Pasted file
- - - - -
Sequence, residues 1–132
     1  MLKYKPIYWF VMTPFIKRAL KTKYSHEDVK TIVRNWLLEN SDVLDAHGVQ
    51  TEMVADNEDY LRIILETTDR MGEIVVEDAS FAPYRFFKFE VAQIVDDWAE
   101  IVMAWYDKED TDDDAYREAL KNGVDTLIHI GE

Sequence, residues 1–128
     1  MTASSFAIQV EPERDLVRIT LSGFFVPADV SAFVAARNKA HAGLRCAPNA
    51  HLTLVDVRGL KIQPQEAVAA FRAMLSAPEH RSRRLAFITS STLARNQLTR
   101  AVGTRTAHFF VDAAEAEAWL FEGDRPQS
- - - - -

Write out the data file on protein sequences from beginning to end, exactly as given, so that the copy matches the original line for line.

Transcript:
Sequence, residues 1–132
     1  MLKYKPIYWF VMTPFIKRAL KTKYSHEDVK TIVRNWLLEN SDVLDAHGVQ
    51  TEMVADNEDY LRIILETTDR MGEIVVEDAS FAPYRFFKFE VAQIVDDWAE
   101  IVMAWYDKED TDDDAYREAL KNGVDTLIHI GE

Sequence, residues 1–128
     1  MTASSFAIQV EPERDLVRIT LSGFFVPADV SAFVAARNKA HAGLRCAPNA
    51  HLTLVDVRGL KIQPQEAVAA FRAMLSAPEH RSRRLAFITS STLARNQLTR
   101  AVGTRTAHFF VDAAEAEAWL FEGDRPQS